This week marks the 1st anniversary of The UK Number 1s Blog (** Trumpet Fanfare**)! In the past year we’ve covered the period from Nov. ’52 to Nov’ 61, with 129 chart-topping songs featured. We’ve survived pre-rock, rode the rock ‘n’ roll revolution, and are now well on our way towards the swinging sixties… Thanks to everyone who has read, followed, commented and enjoyed.

To celebrate this milestone, I’m going to take a short break from the usual countdown to repost seven songs that I have really enjoyed discovering over the past year. These aren’t necessarily the best songs to have topped the charts – there’ll be no Buddy Holly, Johnnie Ray, Connie Francis, Elvis or The Everly Brothers (follow the links if you want to read about them) – as I’ve been listening to, and loving, those artists for years. This week will be all about the forgotten gems, the hits I’d never heard before, the songs that have slipped through the cracks…

Song Number Three is by the artist that I’ve ‘discovered’ the most over the past year. I’d heard the name ‘Guy Mitchell’ before, but didn’t know any of his songs. His career was the 1950s – he was a regular in the Top 10 between 1952-’59, with four #1s along the way. ‘Look at That Girl’ was his 2nd, and I’ve picked it as I think it was the 1st ‘modern’ pop song (verse-chorus etc) to top the charts, and it was also the first to feature a guitar solo! Plus, he had a voice every bit as sexy and smooth as Elvis. Enjoy!

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Look at That Girl, by Guy Mitchell (his 2nd of four #1s)

6 weeks, from 11th September to 23rd October 1953

Ladies and Gentlemena, we are finally rocking and rolling. The invasion is here!

Not at first, mind. We begin on familiar territory. We’ve got the jaunty guitars from ‘Don’t Let the Stars…’ and Mitchell’s previous #1, ‘She Wears Red Feathers’ (compared to which this is ten times better!), and some trumpets (or clarinets, or bassoons, whatever…), and Mitchell’s voice still sounds like he thinks he should be singing a comedy number.

Look at that girl, she’s like a dream come true… Ah look at that girl, can blue eyes be so blue…? But this is no simple song of longing. No, Sir. It turns out the girl is already his. We think. With each word my heart just skips, oh if I could kiss those lips… He’s keeping it ambiguous. Maybe they’ve got a thing going. Maybe not.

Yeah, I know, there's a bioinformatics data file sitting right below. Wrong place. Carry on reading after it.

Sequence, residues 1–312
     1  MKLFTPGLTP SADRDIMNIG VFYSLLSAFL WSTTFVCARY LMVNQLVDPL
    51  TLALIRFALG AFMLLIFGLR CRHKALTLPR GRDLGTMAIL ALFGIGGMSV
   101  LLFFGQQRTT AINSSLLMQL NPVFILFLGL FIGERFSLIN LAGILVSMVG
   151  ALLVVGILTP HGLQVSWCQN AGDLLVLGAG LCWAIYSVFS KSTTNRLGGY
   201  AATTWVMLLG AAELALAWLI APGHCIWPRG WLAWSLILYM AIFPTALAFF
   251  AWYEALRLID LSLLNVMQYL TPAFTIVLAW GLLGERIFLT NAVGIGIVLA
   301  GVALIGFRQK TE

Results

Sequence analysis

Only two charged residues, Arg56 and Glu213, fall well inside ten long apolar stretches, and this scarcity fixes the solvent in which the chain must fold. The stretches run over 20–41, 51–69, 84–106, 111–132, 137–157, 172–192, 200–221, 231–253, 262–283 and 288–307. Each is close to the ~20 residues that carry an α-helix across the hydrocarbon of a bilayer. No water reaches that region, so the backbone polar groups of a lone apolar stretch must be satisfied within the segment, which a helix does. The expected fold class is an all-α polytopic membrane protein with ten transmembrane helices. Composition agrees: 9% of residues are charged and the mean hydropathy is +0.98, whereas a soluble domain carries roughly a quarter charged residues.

And as the song goes on – we start to rock. And I don’t mean ROCK (tongue out, fist raised). I mean ‘rock’, like it’s 1953. There are hand-claps. Mm-hmm. And a guitar. Woo! And Mitchell has a little call and response with the backing singers, when they take the lead lyric Look at that girl… and he quips back I don’t believe it they’re making it up! And then there are the lyrics: the kissing, the holding her tight… Pass the smelling salts…

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It sounds to me as if a battle is taking place here, between traditional easy-listening and the burgeoning rock ‘n’ roll movement. On the one hand you’ve got the usual twee backing singers and floaty trumpets, parping away at the end of each line; on the other you have the hand claps and the guitar solo. That’s right. Solo. In a symbolic move, the trumpets begin the solo and play it in tandem with the guitar for a couple of bars, before the guitar takes it over completely.

And having said that Mitchell sings the song with a slight giggle in his voice, after the 3rd or 4th listen it works. He’s having a good time. We’re having a good time. He’s a nice singer – he sounds like he could be belting it out if he wanted to, but he doesn’t. The song doesn’t require belting out (That’s something old Eddie Fisher could have learned to look out for…)

If you stick with this blog for long enough, you’ll soon see I’m a sucker for a straight-up, unpretentious pop song. A couple of verses, couple of choruses, a solo and a final verse. Maybe a key change. Then finish. The sort of song that sounds simple but is pretty darn hard to get right. (I say, having never even attempted to write a song in my life). This is one such song. And I like it. It’s my favourite so far.